Filming Revolution and the Non-Narrative Poetics of the Database
Alisa Lebow (University of Sussex)
6pm, October 2, 2017
FB 630.15 Concordia University
Documentary took some time to embrace the tremendous potential unleashed by the interactive affordances of Web 2.0, but more than a decade later, it is beginning to find its forms. And while many still cling to the assurances of narrative with ‘storytelling’ reigning supreme even in the digital database world, we must admit that a rupture has taken place. No longer bound by the linear progression of time or its inherent limitations in terms of narrative causality, the interactive documentary offers opportunities only dreamt of in previous eras. Drawing from the tradition of the essay film and other experimental documentary modalities, this talk will emphasize the tremendous potential for data-base documentary to expand upon some of documentary’s historical strengths.
This talk will look at the current state of interactive documentary, broadly speaking, with its current emphasis on ‘storytelling’, arguing in fact, that documentary has long retained the freedom not to tell a story, and the interesting paths it has taken as a result. Associative rather than narrative logic—something that documentary has always availed itself of––suits the non-linear form even better than its linear counterpart. Using my own interactive project, Filming Revolution as a case study, we will consider why some interactive projects have productively resisted the compulsion to narrate a story, for reasons as much to do with the politics as the poetics of its subject. Filming Revolution (www.filmingrevolution.org) is a data-base meta-documentary, about filmmaking in Egypt since the revolution.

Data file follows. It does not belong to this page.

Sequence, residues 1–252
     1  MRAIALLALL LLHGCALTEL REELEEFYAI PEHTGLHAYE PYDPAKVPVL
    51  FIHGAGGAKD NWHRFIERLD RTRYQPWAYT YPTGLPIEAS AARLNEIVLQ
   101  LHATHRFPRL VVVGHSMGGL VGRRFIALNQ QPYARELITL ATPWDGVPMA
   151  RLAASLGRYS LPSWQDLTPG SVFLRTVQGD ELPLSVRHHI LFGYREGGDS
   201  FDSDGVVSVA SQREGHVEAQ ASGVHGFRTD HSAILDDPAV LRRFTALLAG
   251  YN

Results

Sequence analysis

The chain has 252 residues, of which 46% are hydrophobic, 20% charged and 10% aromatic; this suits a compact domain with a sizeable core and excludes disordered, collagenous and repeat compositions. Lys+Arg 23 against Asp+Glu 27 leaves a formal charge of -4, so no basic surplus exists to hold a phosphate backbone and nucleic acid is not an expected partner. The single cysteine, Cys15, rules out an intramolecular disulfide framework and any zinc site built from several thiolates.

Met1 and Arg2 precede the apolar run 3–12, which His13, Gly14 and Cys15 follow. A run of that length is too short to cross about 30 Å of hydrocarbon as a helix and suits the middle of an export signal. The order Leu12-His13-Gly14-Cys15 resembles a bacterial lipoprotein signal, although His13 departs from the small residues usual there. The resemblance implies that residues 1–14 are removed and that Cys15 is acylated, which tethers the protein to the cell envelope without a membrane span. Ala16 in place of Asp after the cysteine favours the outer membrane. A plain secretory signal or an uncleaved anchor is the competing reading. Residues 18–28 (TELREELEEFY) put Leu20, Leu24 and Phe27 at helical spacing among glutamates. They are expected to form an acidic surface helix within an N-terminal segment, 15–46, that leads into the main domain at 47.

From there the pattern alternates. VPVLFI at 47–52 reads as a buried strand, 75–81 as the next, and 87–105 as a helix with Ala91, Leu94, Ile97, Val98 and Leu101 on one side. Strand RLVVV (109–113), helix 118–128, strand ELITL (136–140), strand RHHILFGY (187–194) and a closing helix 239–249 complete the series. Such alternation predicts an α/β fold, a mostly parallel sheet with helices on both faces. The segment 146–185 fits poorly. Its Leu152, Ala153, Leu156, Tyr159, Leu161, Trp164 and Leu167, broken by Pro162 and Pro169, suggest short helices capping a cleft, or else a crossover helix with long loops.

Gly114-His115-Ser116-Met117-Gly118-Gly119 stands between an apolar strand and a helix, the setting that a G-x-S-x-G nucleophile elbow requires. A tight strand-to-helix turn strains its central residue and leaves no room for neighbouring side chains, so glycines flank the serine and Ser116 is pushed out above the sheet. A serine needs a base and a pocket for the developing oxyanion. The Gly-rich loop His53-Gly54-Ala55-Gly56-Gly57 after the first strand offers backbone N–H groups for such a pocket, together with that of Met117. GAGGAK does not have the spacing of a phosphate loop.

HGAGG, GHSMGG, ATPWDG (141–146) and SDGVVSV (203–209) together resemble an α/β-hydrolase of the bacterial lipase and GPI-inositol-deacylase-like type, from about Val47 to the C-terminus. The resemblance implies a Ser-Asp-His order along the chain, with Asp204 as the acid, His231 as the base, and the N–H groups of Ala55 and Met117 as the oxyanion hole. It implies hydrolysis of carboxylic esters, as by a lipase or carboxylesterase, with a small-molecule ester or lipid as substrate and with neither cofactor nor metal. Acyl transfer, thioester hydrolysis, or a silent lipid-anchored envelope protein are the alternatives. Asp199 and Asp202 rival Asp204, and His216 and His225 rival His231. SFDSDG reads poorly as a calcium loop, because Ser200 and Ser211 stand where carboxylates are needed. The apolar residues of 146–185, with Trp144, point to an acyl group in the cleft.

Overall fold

Alisa Lebow is a Reader in Film Studies at University of Sussex. Her research is generally concerned with issues related to documentary film, recently to do with questions of “the political” in documentary. Her books The Cinema of Me (Wallflower, 2012) and First Person Jewish (University of Minnesota Press, 2008) explore aspects of the representation of self and subjectivity in first person documentary. She is also the co-editor of A Companion to Contemporary Documentary with Alexandra Juhasz (Wiley-Blackwell, 2015). She is a filmmaker as well, whose work includes For the Record: The World Tribunal on Iraq (2007), Treyf (1998) and Outlaw (1994). Her most recent project, Filming Revolution, combines her scholarly and practical work in an interactive documentary, which will soon be published as part of the Stanford University Press Digital Humanities initiative.